DULUTH, Ga. -- A month ago Kenny Hill openly questioned the toughness of his wrestlers. Saturday, after they won the GHSA Class AAA traditional state team championship, the Heritage coach acknowledged that his senior-laden team turned the tables this weekend at the Gwinnett Arena.
The Generals fought fiercely with Region 7 rival Gilmer County, edging the three-time consecutive champion Bobcats 139 points to 128 to earn the first state championship in the program's brief history. Gilmer had upset Heritage in the finals of the state duals last month.
"When this started four years ago, I was fortunate enough to have been able to go over to the middle school and work with these kids," Hill said. "We started talking about state championships, and we've gone to top tournaments, but nothing compares to this right here. After losing in the duals like we did and to come back and to fight like they've fought, it says a lot about how these seniors stepped up."
Heritage managed just one individual title among five finalists -- senior Landon Reed at 132 pounds -- but the Generals' overall depth was too much for the Bobcats to match. Finishing second for Heritage were Madison Martin (126), Logan Perkins (145), Andy Bratton (170) and Michael Moore (195), while Jacob Tripp earned a third-place finish at 182.
"Give Gilmer credit. My gosh, they came out and their kids are so tough, so it took a team effort to win this," said Hill, who also praised his assistant coaches, Mike Craft and Hardin Satterfield. "We brought 10 here and they all scored points. To go 1-4 in the finals doesn't take away from the way these kids wrestled. Each of them put it on the line."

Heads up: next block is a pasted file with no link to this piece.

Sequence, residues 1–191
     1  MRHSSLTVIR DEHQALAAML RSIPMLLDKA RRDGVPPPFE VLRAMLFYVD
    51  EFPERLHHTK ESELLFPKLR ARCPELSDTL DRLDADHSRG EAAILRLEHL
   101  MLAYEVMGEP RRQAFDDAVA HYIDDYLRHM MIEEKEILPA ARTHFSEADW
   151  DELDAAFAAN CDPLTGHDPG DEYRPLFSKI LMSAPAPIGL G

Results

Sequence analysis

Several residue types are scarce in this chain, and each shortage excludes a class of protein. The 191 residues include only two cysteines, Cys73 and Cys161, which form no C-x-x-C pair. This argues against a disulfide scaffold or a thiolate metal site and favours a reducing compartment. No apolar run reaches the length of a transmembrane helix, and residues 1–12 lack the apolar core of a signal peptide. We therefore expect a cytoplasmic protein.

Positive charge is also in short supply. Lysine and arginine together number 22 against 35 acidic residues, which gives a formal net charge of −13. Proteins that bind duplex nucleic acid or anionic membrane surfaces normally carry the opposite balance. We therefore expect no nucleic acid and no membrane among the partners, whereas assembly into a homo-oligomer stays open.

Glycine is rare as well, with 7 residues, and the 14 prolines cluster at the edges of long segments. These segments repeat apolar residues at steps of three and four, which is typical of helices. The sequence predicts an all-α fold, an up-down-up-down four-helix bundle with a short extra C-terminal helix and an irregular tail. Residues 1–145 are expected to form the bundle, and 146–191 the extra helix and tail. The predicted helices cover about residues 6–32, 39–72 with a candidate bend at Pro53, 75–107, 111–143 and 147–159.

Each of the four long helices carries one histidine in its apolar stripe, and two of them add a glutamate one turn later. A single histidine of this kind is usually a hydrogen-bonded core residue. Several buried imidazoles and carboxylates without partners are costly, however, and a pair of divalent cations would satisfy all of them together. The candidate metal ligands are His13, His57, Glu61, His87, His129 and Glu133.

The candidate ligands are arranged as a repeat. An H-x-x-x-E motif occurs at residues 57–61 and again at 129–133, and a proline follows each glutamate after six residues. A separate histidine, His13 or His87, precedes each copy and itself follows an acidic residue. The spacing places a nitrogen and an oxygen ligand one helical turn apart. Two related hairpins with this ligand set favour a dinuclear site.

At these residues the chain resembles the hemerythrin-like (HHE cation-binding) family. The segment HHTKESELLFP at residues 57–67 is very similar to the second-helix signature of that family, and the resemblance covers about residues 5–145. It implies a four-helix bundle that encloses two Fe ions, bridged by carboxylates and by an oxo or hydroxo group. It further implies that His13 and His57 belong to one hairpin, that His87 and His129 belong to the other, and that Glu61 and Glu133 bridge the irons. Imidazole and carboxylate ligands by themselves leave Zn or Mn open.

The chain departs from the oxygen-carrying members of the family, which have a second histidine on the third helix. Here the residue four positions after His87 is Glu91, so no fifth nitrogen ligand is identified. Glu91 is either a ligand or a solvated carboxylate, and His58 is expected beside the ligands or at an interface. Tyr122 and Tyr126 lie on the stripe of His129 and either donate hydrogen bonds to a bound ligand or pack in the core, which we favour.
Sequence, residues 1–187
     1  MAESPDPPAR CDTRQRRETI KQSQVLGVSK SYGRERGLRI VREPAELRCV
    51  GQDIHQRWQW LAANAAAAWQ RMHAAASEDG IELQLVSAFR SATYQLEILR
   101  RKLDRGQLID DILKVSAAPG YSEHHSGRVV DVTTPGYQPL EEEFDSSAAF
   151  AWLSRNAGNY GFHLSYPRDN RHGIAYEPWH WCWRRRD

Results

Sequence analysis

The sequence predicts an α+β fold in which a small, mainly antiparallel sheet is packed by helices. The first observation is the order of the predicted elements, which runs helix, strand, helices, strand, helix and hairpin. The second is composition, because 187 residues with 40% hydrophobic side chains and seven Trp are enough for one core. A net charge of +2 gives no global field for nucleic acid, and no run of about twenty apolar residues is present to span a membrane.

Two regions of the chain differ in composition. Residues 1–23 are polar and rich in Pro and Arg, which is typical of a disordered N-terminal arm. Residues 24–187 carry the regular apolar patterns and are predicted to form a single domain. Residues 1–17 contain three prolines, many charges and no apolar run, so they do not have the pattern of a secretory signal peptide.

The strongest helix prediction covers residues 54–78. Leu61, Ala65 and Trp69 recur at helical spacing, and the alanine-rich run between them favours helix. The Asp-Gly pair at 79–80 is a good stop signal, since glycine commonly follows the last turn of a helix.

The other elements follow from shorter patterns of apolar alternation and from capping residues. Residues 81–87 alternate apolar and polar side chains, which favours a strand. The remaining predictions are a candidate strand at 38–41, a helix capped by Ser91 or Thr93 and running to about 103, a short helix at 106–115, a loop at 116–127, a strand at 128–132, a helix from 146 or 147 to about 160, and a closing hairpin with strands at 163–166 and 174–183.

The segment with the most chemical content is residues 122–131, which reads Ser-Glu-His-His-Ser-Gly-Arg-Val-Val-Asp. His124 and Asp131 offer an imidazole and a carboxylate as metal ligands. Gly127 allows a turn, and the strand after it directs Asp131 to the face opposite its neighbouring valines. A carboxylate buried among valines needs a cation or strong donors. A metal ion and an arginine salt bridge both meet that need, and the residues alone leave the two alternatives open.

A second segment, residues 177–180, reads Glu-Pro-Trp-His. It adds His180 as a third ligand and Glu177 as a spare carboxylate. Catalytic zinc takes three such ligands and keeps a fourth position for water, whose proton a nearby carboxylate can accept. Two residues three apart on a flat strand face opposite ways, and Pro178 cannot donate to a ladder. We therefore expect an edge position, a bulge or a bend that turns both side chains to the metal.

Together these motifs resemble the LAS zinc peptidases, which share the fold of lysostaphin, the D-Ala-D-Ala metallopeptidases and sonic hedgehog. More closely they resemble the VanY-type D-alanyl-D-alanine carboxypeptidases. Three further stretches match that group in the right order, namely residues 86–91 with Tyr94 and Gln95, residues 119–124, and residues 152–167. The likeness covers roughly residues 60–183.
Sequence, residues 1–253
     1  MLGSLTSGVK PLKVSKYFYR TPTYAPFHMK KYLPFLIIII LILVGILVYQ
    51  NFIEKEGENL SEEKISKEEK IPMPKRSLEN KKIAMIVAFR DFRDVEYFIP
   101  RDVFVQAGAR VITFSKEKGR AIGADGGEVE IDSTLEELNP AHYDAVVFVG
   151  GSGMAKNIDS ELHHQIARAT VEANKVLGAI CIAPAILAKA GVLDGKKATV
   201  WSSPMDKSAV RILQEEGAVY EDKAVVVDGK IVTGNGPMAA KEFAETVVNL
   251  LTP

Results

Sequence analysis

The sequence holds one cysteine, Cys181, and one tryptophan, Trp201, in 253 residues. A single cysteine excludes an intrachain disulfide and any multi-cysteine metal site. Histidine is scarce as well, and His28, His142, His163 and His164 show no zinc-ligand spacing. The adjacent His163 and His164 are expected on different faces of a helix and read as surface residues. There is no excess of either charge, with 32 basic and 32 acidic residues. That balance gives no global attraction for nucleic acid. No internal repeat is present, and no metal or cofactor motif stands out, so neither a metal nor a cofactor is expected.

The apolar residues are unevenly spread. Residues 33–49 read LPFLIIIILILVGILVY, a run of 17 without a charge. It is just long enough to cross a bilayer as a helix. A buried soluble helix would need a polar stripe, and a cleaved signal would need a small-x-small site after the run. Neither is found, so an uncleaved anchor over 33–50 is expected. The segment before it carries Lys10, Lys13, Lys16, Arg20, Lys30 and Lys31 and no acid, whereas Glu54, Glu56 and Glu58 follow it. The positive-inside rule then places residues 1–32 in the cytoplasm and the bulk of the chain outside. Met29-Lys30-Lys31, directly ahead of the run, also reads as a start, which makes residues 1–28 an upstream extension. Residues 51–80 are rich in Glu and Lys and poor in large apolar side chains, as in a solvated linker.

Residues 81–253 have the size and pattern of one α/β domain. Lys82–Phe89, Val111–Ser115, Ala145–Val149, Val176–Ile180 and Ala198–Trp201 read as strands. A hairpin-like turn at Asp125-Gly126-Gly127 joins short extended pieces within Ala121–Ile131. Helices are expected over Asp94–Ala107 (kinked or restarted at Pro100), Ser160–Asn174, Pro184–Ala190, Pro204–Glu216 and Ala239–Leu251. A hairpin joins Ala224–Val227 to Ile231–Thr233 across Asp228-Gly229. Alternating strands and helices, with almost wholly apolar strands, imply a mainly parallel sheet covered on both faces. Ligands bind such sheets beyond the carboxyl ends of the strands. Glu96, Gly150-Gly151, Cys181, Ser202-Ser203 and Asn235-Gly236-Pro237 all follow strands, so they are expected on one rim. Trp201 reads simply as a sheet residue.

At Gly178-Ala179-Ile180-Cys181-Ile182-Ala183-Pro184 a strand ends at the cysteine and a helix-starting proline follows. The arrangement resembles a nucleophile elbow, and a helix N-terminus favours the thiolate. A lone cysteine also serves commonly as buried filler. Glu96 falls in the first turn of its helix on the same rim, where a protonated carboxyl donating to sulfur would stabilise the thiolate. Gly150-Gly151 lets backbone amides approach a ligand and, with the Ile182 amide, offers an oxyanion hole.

The title was sewn up when Reed edged Oconee County's Jake Hodges, 3-2, for the senior's second consecutive individual title. Reed, headed to the University of Tennessee at Chattanooga, knew Hodges was aggressive, so he had to alter his usual game plan.
"I knew he shot a lot, and I thought he would be a little quicker than me, so my plan was to keep him from shooting a lot I should be able to win," Reed said. "I kept catching him in front headlocks and holding him there a lot.
"Last night I got my 200th win, and today I get two state championships, so it's been a great weekend."
Gordon Lee's shot at its first state title came up short as the Trojans finished second to defending champion Bremen, 154 points to 138 1/2, despite getting state championships from freshman Johnny Ragsdale at 106 pounds, Ethan West at 160 and Corey Jewell at 195. An 0-for-5 showing in Saturday's consolation semifinals doomed the Trojans' title hopes.
Coach Brent Raby, however, took solace in finishing ahead of third-place Holy Innocents', the controversial duals champion.
"After the controversy in Macon, we wanted to beat Holy Innocents'," Raby said. "Now, we would have loved to have beaten Bremen, too, but losing all five matches in the consolations really hurt us. If we win even two of those we're in the team hunt. This is great competition and hat's off to Bremen. They wrestled well and did what they had to do to win this championship."